By taking thousands of samples from guano, fecal swabs, and bat tissues, and searching for these samples for genetic sequences similar to SARS, Shi’s team began discovering several tight viruses. In a cave in Yunnan province in 2011 or 2012, they discovered the two closest ones, called WIV1 and SHC014.
Shi was able to grow WIV1 in his lab from a fecal sample and show that it could directly infect human cells, showing that SARS-like viruses ready to jump directly from bats to humans were already hiding in the natural world. This showed, Daszak and Shi argued, that bat coronaviruses were a “substantial global threat.” Scientists, they said, needed to find them, and study them, before they could find them.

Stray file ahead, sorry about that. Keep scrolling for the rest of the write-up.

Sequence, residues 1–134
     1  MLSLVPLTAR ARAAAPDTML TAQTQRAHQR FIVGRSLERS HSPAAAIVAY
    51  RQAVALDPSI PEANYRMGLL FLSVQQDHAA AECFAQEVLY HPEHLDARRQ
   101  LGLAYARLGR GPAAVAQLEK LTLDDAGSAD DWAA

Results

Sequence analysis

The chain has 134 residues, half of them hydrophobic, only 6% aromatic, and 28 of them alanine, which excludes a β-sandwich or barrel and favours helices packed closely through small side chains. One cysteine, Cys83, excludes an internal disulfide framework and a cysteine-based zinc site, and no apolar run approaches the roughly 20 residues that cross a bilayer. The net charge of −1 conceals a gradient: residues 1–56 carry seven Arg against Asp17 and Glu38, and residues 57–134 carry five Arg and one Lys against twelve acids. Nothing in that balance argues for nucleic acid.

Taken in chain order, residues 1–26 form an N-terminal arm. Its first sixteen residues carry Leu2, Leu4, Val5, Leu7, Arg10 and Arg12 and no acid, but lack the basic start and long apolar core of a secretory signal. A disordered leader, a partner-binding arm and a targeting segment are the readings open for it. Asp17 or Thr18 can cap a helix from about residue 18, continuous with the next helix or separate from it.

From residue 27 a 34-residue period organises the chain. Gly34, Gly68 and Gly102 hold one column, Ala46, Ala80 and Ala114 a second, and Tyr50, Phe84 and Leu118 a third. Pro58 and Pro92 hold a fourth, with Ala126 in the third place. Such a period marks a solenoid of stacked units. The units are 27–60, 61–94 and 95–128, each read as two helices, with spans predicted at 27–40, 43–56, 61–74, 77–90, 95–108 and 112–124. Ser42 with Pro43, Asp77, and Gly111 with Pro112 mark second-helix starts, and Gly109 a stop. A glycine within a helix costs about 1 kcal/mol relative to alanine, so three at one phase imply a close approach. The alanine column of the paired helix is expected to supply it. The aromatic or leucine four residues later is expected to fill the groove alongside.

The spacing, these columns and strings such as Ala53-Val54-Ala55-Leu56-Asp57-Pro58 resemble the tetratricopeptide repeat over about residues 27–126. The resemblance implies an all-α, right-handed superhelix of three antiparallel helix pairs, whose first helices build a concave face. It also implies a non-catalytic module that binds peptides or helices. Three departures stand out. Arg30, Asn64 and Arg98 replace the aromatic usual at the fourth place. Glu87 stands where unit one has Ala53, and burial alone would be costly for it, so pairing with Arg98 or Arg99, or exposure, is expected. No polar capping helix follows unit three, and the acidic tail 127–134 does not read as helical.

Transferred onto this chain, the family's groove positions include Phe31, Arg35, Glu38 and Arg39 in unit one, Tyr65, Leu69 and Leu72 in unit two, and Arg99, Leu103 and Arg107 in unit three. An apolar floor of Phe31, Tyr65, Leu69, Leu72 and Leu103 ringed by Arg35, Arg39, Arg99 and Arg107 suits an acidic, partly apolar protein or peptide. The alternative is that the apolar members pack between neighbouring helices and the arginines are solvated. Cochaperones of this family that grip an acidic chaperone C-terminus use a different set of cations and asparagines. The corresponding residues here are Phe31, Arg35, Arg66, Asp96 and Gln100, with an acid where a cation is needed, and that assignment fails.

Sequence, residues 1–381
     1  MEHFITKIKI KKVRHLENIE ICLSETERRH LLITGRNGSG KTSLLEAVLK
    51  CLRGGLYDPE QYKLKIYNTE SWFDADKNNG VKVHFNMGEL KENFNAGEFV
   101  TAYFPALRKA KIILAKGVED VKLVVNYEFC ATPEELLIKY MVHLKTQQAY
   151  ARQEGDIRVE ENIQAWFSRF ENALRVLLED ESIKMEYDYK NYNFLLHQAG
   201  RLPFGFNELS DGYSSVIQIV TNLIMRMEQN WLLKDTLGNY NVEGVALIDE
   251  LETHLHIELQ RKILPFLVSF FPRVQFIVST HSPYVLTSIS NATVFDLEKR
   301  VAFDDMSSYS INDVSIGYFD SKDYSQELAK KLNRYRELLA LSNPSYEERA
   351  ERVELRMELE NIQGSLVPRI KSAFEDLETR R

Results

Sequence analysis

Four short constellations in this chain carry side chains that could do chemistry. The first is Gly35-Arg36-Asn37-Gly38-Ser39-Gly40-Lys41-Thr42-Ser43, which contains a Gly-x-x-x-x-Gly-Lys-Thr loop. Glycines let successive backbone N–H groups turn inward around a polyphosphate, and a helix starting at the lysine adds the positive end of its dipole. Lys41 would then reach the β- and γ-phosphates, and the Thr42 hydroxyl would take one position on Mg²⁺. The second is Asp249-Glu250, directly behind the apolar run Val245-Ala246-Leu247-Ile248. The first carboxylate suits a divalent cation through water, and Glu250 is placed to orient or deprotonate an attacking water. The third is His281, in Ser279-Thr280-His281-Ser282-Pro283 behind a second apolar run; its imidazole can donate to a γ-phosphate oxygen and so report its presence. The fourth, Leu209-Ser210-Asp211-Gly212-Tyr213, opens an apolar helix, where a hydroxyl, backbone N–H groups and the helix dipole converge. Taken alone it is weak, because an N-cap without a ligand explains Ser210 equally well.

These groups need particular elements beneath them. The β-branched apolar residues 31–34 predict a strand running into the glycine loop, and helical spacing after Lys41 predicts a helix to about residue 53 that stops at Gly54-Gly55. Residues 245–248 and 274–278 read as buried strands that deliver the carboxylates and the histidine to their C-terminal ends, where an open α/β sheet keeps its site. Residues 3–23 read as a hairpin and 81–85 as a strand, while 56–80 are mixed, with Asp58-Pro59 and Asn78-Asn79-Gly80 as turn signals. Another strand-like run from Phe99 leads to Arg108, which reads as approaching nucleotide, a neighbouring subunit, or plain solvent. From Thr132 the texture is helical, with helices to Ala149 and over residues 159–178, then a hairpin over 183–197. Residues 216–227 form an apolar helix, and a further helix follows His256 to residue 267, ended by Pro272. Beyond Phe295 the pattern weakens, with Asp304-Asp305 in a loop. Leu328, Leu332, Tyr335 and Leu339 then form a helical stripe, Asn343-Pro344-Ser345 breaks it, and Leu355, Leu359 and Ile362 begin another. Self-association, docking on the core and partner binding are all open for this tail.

Many of the other viruses could not be cultured, but the Baric system provided a way to quickly test their tips by ingesting them into similar viruses. When the chimera he made with SHC014 was able to infect human cells in a dish, Daszak told the press that these revelations should “move this virus from a pathogenic emerging candidate into a clear and present danger.”
For others, it was the perfect example of the unnecessary dangers of the science of function gain. “The only impact of this work is the creation, in a laboratory, of a new unnatural risk,” Rutgers microbiologist Richard Ebright, a longtime critic of such research, told Nature.
For Baric, the situation was more nuanced. Although its creation might have been more dangerous than the original mouse virus adapted to the mouse it had used as a backbone, it was still timid compared to SARS – certainly not the supervirus Senator Paul suggested later.